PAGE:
Spanish airline Vueling wants a 186-seat A320, which would be tight squeeze

Spanish airline Vueling is interested  in a 186-seat A320. Photo: Wikipedia.

Spanish airline Vueling is interested in a 186-seat A320. Photo: Wikipedia.

Airbus is attempting to certify a 186-seat A320 according to a report last week by Jens Flottau in Aviation Week.

To put this in perspective, as I tweeted recently, Jetblue puts 150 seats on its A320s, which have an all coach configuration, though some seats do have extra legroom. As it now stands, according to Aviation Week, Airbus operators can place no more than 180 seats on the jet.

Keep in mind, the plane isn’t getting any bigger. So if this happens, it’ll be a tight squeeze for passengers on ultra low cost carriers that prefer dense configurations.

Flottau writes that the Spanish airline Vueling is interested in  the 186-seat plane. Vueling is owned by IAG, which is also the parent of British Airways and Iberia. Flottau writes:

According to industry sources, one key element for Airbus to be able to win the Vueling order was the promise to be able to fit 186 seats in the cabin. Airbus has done some significant interior redesign work and has more in the works. Many airlines have either already installed or are in the process of installing slim backrest seats that allow the airlines to reduce pitch and gain space for several more seat rows . Also, as part of the Spaceflex concept, airlines can opt to move the rear lavatories to immediately in front of the rear pressure bulkhead if they accept a smaller galley at the same time. That way, another row of seats can be added.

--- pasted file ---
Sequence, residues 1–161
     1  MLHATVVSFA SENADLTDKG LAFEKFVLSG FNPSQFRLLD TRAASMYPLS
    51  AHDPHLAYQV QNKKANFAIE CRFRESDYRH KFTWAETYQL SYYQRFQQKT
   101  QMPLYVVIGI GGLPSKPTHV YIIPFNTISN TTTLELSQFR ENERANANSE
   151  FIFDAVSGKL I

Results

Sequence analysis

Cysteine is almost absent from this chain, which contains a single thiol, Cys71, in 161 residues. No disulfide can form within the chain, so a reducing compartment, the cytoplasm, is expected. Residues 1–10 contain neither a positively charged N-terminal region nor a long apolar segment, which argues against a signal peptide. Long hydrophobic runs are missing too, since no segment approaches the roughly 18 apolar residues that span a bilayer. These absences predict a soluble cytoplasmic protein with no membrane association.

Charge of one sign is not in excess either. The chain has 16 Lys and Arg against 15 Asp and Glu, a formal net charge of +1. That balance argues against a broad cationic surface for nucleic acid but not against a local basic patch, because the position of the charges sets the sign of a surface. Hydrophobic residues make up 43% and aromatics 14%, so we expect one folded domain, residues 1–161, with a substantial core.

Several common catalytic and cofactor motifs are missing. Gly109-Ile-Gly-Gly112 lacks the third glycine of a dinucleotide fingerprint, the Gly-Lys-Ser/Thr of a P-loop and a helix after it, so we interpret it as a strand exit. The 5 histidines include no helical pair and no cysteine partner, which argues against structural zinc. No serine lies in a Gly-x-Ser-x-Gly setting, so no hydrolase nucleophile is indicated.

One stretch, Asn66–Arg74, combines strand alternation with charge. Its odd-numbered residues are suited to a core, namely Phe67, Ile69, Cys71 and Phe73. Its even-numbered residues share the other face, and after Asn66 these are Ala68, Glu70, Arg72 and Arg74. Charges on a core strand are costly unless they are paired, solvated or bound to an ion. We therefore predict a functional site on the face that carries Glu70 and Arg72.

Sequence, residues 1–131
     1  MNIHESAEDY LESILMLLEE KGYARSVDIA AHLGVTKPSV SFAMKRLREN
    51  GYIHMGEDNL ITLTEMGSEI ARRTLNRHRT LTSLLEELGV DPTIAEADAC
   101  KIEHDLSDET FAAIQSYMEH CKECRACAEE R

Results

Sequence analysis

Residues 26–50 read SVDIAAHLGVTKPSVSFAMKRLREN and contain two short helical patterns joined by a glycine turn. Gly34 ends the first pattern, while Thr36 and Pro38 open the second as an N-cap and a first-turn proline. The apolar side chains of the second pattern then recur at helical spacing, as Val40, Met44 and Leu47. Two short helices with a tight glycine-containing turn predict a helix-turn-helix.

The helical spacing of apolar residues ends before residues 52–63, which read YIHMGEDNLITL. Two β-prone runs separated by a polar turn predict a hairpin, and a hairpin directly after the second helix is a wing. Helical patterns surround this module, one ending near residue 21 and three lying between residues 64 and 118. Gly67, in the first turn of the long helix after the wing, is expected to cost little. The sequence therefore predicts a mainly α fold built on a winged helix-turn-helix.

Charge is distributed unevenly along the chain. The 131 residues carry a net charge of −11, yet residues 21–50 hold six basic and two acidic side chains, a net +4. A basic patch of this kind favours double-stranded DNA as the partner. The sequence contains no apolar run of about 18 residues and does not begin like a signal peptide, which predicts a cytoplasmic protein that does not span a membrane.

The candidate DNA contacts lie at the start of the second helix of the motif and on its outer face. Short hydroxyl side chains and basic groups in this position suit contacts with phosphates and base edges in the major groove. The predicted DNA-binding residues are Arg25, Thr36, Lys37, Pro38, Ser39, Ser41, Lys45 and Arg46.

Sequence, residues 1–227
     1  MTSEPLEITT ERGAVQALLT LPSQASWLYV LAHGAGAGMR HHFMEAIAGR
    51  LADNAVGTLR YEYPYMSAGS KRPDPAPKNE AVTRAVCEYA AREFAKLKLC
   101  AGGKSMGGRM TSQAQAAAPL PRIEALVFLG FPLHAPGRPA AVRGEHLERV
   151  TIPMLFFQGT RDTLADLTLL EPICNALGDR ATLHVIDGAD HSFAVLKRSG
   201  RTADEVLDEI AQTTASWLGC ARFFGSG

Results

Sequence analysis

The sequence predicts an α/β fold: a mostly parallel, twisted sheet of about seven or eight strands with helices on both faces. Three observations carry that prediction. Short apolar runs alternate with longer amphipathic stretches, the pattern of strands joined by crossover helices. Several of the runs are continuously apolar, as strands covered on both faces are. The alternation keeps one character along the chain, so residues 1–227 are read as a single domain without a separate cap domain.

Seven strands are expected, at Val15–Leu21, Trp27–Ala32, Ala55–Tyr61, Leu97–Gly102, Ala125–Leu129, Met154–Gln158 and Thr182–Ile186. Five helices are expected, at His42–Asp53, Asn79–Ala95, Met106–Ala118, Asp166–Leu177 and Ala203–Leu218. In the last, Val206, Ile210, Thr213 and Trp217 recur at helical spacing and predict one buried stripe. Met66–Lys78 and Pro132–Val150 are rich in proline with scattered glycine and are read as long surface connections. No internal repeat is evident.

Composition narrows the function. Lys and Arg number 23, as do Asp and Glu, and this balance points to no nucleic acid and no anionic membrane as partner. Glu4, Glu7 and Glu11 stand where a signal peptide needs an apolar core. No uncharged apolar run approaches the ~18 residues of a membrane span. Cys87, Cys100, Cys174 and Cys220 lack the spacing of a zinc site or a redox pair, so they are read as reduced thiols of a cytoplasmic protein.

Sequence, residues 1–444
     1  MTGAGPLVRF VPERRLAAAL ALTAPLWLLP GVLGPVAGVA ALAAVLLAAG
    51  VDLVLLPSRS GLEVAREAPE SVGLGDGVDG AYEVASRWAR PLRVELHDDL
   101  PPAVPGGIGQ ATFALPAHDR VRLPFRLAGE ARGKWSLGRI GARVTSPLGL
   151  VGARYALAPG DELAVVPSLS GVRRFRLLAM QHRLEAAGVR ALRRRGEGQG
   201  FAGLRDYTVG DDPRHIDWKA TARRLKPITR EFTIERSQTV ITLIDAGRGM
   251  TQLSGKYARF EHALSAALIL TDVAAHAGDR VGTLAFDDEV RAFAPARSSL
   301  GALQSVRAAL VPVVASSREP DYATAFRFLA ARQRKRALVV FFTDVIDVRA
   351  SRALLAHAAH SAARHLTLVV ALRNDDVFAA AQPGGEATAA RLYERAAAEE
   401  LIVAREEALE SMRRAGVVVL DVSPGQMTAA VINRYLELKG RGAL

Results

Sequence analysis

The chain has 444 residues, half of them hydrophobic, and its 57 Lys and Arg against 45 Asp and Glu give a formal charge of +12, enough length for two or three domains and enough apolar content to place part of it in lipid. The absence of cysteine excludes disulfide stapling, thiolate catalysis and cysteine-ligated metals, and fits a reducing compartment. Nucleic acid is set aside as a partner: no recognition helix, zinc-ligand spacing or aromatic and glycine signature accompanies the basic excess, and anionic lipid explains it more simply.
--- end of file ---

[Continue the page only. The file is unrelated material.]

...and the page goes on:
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Which airplane seat looks most comfortable to you?

Airbus

Airbus brought a mock-up of an A320 interior to an Anaheim, Calif. trade show last week. Photo by staff photographer Stephen Carr.

I mentioned in a post last week that Airbus’s A320 airplanes are 7 inches wider than the comparable Boeing 737. That means Airbus customers can install seats that are 1-inch wider than on Boeing 737s. Not all airlines actually put in wider seats, for reasons I detailed last week, but at least they have the option.

Airbus is darn proud of this fact. So proud that they brought a mock-up of an A320 to a trade show last week in Anaheim. The seats above may look the same, but Airbus is actually trying to show why its setup is better. On the right, in orange, are 18-inch wide Airbus seats. On the left, in brown, are 17-inch Boeing seats.

Which one looks more comfortable to you?

Also, note the flooring. Apparently that’s an option for carriers, though I have never actually seen it in the air. In Airbus lingo it’s call “non-textile floor.” Have you ever seen it?

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American Airlines receives its first A319

American received its first Airbus A319 aircraft on Tuesday in Germany.

American received its first Airbus A319 aircraft on Tuesday in Germany.

It probably takes a special type of aviation geek to appreciate the above photograph.

But that’s the first American Airlines Airbus A319, which was delivered on Tuesday in Hamburg, Germany. You’ll see in this picture it’s still wearing its European registration, D-AVYQ.

American has not had an Airbus plane in its fleet since it retired its widebody A300s in 2009. Now, the airline has about 260 Airbus planes on order, with a mixture of A319s, A320s and A321s.

We won’t see the A319s in Los Angeles at first. But starting in 2014, American plans to put the new A321s on the Los Angeles to New York JFK route.

Those will be specially configured planes with three classes of service – first, business and economy. Early renderings (such as the one depicted in the first half of the video below) suggest it will be an impressive product.

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